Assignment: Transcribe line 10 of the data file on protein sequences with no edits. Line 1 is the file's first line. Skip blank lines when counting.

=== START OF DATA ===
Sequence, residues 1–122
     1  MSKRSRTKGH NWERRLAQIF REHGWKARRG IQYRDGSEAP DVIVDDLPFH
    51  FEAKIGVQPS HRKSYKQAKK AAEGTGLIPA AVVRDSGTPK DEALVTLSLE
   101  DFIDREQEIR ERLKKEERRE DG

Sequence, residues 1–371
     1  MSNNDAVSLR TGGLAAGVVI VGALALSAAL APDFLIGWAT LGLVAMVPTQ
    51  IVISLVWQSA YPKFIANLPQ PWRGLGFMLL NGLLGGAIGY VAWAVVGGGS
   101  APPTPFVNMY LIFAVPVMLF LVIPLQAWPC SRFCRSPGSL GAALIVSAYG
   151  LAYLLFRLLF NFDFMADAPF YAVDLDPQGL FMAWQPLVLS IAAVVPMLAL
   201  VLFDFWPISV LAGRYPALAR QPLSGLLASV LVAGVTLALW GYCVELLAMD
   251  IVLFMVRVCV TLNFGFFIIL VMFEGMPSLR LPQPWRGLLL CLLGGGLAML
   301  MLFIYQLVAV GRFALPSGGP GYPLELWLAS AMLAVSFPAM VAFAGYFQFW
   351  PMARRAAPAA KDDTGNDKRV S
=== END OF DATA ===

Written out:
   201  VLFDFWPISV LAGRYPALAR QPLSGLLASV LVAGVTLALW GYCVELLAMD